2013-12-13 Spike activity

Quick links from the past week in mind and brain news: Beware the enthusiasm for ‘neuroeducation’ says Steven Rose in Times Higher Education. Lots of studies use oxytocin nasal sprays. You can buy it from websites. Neuroskeptic asks does it even reach the brain? Time magazine finds a fascinating AI telemarketer bot that denies it’s […]

Where data meets the people

Ben Goldacre might be quite surprised to hear he’s written a sociology book, but for the second in our series on books about how the science of mind, brain and mental health meet society, Bad Pharma is an exemplary example. The book could essentially be read as a compelling textbook on clinical trial methodology with […]

2013-12-06 Spike activity

Quick links from the past week in mind and brain news: C-List celebrity is photographed with a psychology book in her hand and New York Magazine is all over it like Glenn Greenwald with an encrypted harddrive. The New York Times covers a Dutch scheme to get alcoholics working by paying them in beer. Scheme […]

Hallucinated voices and the community inside us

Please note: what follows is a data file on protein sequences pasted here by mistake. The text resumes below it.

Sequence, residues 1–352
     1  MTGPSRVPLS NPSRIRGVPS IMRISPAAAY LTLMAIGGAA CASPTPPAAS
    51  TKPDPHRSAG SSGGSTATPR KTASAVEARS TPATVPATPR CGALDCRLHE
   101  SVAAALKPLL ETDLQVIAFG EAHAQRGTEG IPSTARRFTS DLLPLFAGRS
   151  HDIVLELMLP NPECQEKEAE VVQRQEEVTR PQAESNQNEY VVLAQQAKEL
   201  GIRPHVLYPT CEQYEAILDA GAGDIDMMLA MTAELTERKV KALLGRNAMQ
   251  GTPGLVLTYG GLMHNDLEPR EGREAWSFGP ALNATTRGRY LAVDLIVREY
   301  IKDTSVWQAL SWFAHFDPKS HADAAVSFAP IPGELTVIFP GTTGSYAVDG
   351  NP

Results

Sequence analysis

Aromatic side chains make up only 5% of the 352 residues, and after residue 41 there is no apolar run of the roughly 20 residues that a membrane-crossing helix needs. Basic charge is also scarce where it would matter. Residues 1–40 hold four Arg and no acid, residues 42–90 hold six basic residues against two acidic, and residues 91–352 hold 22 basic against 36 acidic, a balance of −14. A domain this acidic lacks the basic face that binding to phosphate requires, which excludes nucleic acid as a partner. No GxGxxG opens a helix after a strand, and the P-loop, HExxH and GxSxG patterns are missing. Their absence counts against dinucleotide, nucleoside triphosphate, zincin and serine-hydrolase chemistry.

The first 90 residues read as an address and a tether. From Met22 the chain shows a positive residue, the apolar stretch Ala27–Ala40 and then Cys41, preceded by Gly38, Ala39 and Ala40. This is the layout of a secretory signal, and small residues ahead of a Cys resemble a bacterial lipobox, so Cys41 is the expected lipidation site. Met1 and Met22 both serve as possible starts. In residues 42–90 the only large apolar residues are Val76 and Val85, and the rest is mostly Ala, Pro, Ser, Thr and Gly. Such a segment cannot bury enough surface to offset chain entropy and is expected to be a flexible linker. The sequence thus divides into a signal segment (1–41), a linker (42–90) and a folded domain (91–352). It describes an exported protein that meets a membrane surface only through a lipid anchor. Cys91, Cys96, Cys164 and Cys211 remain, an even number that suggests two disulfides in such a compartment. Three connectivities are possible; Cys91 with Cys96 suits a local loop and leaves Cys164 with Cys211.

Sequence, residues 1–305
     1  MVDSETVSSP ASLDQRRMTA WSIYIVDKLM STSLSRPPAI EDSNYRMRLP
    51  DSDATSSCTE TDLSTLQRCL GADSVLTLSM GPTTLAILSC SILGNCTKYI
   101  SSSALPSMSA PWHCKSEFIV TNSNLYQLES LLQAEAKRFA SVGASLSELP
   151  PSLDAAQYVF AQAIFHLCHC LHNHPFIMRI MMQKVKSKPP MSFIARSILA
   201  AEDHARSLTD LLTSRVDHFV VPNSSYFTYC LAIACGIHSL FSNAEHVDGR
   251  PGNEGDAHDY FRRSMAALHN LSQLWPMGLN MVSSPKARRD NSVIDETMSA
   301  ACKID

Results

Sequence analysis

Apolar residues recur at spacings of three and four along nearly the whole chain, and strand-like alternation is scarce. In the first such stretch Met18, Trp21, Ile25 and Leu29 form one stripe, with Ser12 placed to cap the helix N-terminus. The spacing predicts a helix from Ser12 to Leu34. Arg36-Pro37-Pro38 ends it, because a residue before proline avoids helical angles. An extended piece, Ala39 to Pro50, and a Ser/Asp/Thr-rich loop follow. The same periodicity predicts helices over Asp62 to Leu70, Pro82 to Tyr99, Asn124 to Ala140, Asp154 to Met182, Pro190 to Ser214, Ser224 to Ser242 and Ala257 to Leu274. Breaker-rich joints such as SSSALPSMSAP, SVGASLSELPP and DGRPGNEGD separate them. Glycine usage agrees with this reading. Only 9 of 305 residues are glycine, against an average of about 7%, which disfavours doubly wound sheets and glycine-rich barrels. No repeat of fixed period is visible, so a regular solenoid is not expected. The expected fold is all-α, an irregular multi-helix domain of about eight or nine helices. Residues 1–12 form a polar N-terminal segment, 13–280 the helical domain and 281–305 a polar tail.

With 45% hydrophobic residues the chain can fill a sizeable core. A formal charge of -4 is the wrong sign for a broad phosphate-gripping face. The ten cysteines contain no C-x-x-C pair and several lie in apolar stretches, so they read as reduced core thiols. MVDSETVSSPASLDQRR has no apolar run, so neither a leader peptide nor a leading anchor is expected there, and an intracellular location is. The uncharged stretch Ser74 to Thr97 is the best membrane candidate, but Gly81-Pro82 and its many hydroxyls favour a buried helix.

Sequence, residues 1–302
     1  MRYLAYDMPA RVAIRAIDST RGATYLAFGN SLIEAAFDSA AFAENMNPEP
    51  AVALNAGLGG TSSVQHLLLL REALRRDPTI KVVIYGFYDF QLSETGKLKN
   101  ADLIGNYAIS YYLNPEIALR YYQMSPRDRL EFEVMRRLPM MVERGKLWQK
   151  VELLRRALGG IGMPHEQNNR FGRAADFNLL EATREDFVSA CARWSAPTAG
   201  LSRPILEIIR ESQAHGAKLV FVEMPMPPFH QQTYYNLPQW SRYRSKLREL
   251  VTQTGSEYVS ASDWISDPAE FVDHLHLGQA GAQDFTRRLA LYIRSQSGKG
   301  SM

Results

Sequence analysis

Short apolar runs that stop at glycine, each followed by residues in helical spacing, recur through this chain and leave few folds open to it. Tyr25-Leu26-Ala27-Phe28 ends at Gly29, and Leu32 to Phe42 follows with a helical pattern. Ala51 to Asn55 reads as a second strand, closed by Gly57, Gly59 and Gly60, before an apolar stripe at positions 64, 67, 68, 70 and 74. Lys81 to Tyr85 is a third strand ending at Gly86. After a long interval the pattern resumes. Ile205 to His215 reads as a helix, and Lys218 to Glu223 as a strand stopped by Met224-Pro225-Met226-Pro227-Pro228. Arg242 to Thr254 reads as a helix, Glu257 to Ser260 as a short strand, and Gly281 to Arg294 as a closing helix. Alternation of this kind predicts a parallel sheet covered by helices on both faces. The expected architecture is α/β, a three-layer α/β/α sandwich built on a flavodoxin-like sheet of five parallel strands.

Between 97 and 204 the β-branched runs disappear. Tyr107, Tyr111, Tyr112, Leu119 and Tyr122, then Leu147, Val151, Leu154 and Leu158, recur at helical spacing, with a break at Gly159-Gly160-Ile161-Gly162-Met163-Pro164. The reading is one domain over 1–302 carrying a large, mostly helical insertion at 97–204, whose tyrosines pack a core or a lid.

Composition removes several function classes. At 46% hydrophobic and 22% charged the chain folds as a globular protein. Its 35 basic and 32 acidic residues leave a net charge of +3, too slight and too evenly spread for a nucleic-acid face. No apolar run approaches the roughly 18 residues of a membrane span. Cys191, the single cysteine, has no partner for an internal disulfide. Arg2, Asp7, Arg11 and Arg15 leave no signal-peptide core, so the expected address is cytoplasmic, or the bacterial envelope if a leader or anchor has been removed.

I’ve long been fascinated by the experience of ‘hearing voices’ and long been baffled by the typical scientific approach to the experience. As a result, I’ve just had a paper published in PLOS Biology that focus on one of the most striking but ignored aspects of hallucinated voices. Here’s how I describe the central paradox […]

London’s Shuffle Festival is back

London’s film, food and science festival in an abandoned psychiatric hospital is back as the Shuffle Festival kicks off its Winter run. Hosted in the old buildings of St Clement’s Hospital the festival has an impressive programme including everything from Jarvis Cocker to Brian Cox. There are also regular talks from working scientists including a […]

A life in the day of a medical morphine addict

AddictionBlog has an amazing article by a doctor and recovering morphine addict that describes the experience of injection, rush and withdrawal. It’s wonderfully written to the point of being painful and if you’re not good with needles, you’ll probably feel a bit queasy when reading it. Heroin, by the way, is just the prodrug of […]

A quarter century of All in the Mind

A new series of BBC Radio 4′s All in the Mind has just kicked off and to celebrate 25 years of broadcasting they’ve just had three great episodes looking back on the last quarter century of psychology, neuroscience and mental health. Each make for a interesting discussion of how science and attitudes have changed. As […]

Neuroscience and its place in the social world

This is the first of three posts that will cover three important books about how the science of mind, brain and mental health, interfaces with society at large. First off, I want to discuss an excellent book called Neuro: The New Brain Sciences and the Management of the Mind published this year by sociologists of […]